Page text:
Pica is a rare eating disorder that affects mostly children. However it can also affect pregnant women and this is risky not only to the mother but to her unborn child as well. One study found that up to 38 percent of women had pica although determining an exact number is difficult because it often goes unreported. Here we'll discuss pica during pregnancy and give expectant mothers all the information they need to understand and seek help for the condition.
What Is It?
Pica is a serious eating disorder that causes pregnant women and children to eat non-food items. Latin for magpie, a bird that is notorious for eating peculiar items, pica can be deadly as it can cause dangerous blockages and ruptured digestive organs.
Like other eating disorders, pica is a mental health condition that is thought to be exacerbated by the hormones associated with pregnancy. One single exact cause is not known.
Pica affects approximately 10 to 32 percent of children and about 10 percent of women, though this number is thought to be inaccurate because many women don't report their pica cravings out of embarrassment. The number of pregnant women with pica is significantly higher in developing countries where religious or cultural practices encourage the eating of non-food items.
Women with pica can crave any number of things that have little or no nutritional value including;
- Ice or freezer frost
- Dirt or clay
- Burnt matches
- Coffee grounds
- Baking soda
- Metal pieces or nails
There is currently no single identified cause. Instead it is thought that a number of factors play a role in a pregnant woman developing pica, including;
- Mineral deficiencies such as iron or zinc
- Mental health problems such as obsessive compulsive disorder or other conditions that cause compulsory behavior
- Developmentally problems such as autism
- A past history of pica as a child
- Abuse or neglect
- Extreme poverty
- Religious or cultural practices that cause a person to eat non-food items
Who Is Affected?
Anyone can develop pica at any time, however the vast majority of people with this condition are children under the age of 6 and pregnant women. There are some people who have pica that continues into adulthood, but these people usually have some time of mental or developmental disorder.
Women in developing countries are more often affected than women in places like the United States or Europe. The reasons are largely cultural and economic, due to poor medical care and poverty when it comes to monitoring the levels of certain nutrients in the mother's blood that are known to contribute to the development of pica.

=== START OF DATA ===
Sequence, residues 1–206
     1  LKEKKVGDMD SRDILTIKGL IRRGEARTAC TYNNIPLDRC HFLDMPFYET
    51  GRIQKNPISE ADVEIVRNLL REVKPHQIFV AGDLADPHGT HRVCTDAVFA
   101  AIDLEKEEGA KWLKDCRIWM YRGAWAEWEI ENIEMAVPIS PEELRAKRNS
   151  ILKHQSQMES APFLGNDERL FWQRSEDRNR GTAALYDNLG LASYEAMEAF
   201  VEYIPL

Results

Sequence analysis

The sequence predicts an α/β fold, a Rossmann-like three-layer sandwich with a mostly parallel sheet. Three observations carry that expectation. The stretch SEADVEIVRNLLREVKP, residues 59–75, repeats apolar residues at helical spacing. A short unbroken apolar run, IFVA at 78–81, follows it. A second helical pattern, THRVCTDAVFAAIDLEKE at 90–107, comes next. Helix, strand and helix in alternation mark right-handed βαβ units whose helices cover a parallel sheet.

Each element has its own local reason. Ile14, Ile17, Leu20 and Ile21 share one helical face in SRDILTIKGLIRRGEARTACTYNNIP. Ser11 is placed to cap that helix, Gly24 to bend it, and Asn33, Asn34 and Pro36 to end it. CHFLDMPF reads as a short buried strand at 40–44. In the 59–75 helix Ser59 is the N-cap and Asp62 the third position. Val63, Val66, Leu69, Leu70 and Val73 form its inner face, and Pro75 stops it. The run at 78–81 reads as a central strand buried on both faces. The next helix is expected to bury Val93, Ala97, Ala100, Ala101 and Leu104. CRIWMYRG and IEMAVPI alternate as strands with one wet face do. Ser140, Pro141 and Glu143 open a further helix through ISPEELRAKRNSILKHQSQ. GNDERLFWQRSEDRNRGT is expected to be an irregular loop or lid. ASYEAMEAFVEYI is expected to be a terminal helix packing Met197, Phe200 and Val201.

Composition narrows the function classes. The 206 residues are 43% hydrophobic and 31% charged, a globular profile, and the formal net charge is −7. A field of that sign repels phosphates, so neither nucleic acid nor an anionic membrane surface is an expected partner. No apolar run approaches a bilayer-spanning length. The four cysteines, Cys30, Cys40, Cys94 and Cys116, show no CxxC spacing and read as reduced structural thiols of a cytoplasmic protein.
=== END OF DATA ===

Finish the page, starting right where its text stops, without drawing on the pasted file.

Many women who are affected by pica have deficiencies in heavy metal minerals such as iron or zinc. Because of this these women often report that their pica cravings disappear or decrease significantly after mineral supplementation.
In short, yes, pica can be very harmful to an unborn baby if it is left untreated. Pica can lead to further nutritional deficiencies, lead or other heavy metal poisoning, or blockages in the digestive tract from indigestible material building up. Pica can also cause a woman to ingest items that are toxic or parasitic.
Complications and Treatment
There are a number of complications associated with pica. Depending upon what a person has consumed surgery may be required to remove the items, opening a person up to all the risks associated with a surgical procedure. The risk dramatically increases when the woman is pregnant, and often surgery isn't an option if a woman is pregnant. Sadly some even die due to the damage caused to the body from ingesting non-food items such as nails or metal pieces.
Research has found that women who engage in pica practices during their pregnancies have lower hemoglobin levels at the time of birth. Since hemoglobin is responsible for carrying oxygen to cells in the red blood cells (hemoglobin is what makes them red) this is significant. It could affect how fast a woman recovers or facilitate the need for transfusions of red blood cells if the deficiency is serious enough.
The number of hospitalization associated with pica has increased 93 percent in the last decade. This is both good and bad news; good news because it means that women and children who are affected are getting treatment, but bad news because it may mean that there are far more women and children are developing pica than originally thought.
Treatment for pica is possible, though it isn't always easy. Sometimes treating pica is as simple as treating any underlying nutritional deficiencies. If this is the cause, then simply supplementing those nutrients should dramatically reduce or eliminate the cravings altogether, but this is seldom the only cause of pica.
Because pica is a mental health disorder that has physical implications, like other eating disorders, both a physician that understands pica and a mental health professional who specializes in eating disorders may be required to treat the problem.
Pica is a serious condition which can be life threatening. If a woman has cravings for non-food items or is eating non-food items she needs to inform her doctor immediately to avoid any long term health problems for her or her baby.